Share This Page

Golf notebook: Barto posts first IJGT win

| Tuesday, March 26, 2013, 12:13 a.m.
For the Tribune-Review
Leechburg junior golfer Matt Barto hits out of the sand on the 16th hole during the WPIAL Class AA individual finals at Youghiogheny Country Club in McKeesport on Sept. 24, 2012.
Eric Felack | Trib Total Media
Sean Knapp hits out of the bunker on the sixth hole en route to a par at the Pittsburgh Field Club during the Frank B. Fuhrer Invitational in Fox Chapel on Tuesday, June 26, 2012.

Leechburg's Matt Barto couldn't have imagined a better way to start his spring and summer golf season on the junior circuit.

Barto, the reigning WPIAL Class AA champion and PIAA runner-up, captured his first International Junior Golf Tour title, firing back-to-back 72s at the 36-hole Philly Challenge over the weekend in Malvern.

Battling bitter cold temperatures made worse by whipping winds, the Blue Devils junior took a four-shot lead into the final round of the 15-19 year-old tournament Sunday and held off Moorestown's Kevin Kramarski by three shots. Tied with Kramarski after 33 holes, Barto sealed the win with birdies on two of the final three holes at White Manor Country Club.

“I felt really comfortable (going into the second round),” Barto said. “My ball-striking was good, and I just stayed patient and made my putts. Unbelievable day for my golfing career.”

Knapp time

Oakmont amateur Sean Knapp still could end up on the Champions Tour.

Knapp is planning to try senior qualifying school again for the 50-and-older circuit. The Q-school tournament is Nov. 12-15 in Scottsdale, Ariz.

Knapp, who turned 51 this month, reached the final stage of qualifying in 2011 before losing in a playoff.

He got a taste of the Champions Tour when he played in the U.S. Senior Open last July in Michigan.

Knapp, who always has quietly but not publicly entertained the thought of turning professional, did not try to qualify last year because of a busy schedule coaching basketball.

But he will have more time to work on his golf game now that he is no longer coaching basketball. He stepped down as an assistant with the Riverview girls team.

Knapp said he also is planning on playing a full schedule of amateur events this spring and summer. He is the reigning Western Pennsylvania Golf Association and state player of the year.

Phoenix update

The Phoenix may rise ... again?

The Phoenix at Buffalo Valley, formerly Buffalo Valley Country Club, will not open this season as owners weigh options for the business's future.

The course reopened in late summer of 2011. The land sat dormant from the time the country club shut down in 2007.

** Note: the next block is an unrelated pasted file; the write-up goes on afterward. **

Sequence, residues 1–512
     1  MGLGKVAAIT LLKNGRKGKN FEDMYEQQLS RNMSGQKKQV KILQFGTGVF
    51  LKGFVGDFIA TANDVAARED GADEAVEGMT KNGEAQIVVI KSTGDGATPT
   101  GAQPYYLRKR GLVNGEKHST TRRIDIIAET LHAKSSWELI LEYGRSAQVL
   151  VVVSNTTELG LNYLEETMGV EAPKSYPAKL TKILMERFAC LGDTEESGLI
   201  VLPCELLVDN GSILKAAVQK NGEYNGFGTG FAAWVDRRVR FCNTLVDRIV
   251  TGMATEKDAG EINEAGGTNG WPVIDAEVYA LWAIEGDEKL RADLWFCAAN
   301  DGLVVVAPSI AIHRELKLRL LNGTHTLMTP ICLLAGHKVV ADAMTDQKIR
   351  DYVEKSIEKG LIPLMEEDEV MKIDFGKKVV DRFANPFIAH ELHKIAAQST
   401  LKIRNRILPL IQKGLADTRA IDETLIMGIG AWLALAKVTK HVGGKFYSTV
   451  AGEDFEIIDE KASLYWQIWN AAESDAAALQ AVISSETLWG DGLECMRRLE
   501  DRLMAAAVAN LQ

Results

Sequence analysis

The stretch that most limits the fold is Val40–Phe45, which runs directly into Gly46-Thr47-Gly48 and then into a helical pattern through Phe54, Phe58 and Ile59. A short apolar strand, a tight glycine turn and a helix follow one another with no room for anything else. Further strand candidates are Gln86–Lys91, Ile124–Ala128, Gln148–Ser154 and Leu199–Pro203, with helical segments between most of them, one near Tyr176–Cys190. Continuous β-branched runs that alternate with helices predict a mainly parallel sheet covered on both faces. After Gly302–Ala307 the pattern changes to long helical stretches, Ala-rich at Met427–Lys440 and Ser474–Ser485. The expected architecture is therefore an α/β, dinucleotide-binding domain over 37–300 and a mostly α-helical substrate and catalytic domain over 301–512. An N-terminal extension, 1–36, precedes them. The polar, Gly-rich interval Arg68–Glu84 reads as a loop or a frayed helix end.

But one of the owners, Gary Nese, said the course has suspended operations for a year and could reopen at a later date. Grounds equipment, however, will go up for auction next month, which seems like a setback.

“It's a long-term investment,” Nese said. “We are re-evaluating long-term liability of the golf course.”

Nese said the restaurant may reopen earlier than the course.

“We're in the process of talking with a local restaurant operator,” he said. “We may lease out the restaurant. Our target date for that is May 1.”

Top teacher

Eric Johnson, Oakmont Country Club's Director of Instruction, was named among the Top 100 Teachers in America by Golf Digest.

He also made the magazine's “Top 40 Under 40” list of instructors the past two years.

Erickson a good fit

Bob Erickson, owner of Golf Augusta in Oakmont, has been named one of the “World's Top 100 Clubfitters” by the KZG club-fitting company.

Erickson has been named to the list four straight years.

Bill Beckner Jr. is the local sports editor of the Valley News Dispatch. Reach him at bbeckner@tribweb.com.

TribLIVE commenting policy

You are solely responsible for your comments and by using TribLive.com you agree to our Terms of Service.

We moderate comments. Our goal is to provide substantive commentary for a general readership. By screening submissions, we provide a space where readers can share intelligent and informed commentary that enhances the quality of our news and information.

While most comments will be posted if they are on-topic and not abusive, moderating decisions are subjective. We will make them as carefully and consistently as we can. Because of the volume of reader comments, we cannot review individual moderation decisions with readers.

We value thoughtful comments representing a range of views that make their point quickly and politely. We make an effort to protect discussions from repeated comments either by the same reader or different readers

We follow the same standards for taste as the daily newspaper. A few things we won't tolerate: personal attacks, obscenity, vulgarity, profanity (including expletives and letters followed by dashes), commercial promotion, impersonations, incoherence, proselytizing and SHOUTING. Don't include URLs to Web sites.

We do not edit comments. They are either approved or deleted. We reserve the right to edit a comment that is quoted or excerpted in an article. In this case, we may fix spelling and punctuation.

We welcome strong opinions and criticism of our work, but we don't want comments to become bogged down with discussions of our policies and we will moderate accordingly.

We appreciate it when readers and people quoted in articles or blog posts point out errors of fact or emphasis and will investigate all assertions. But these suggestions should be sent via e-mail. To avoid distracting other readers, we won't publish comments that suggest a correction. Instead, corrections will be made in a blog post or in an article.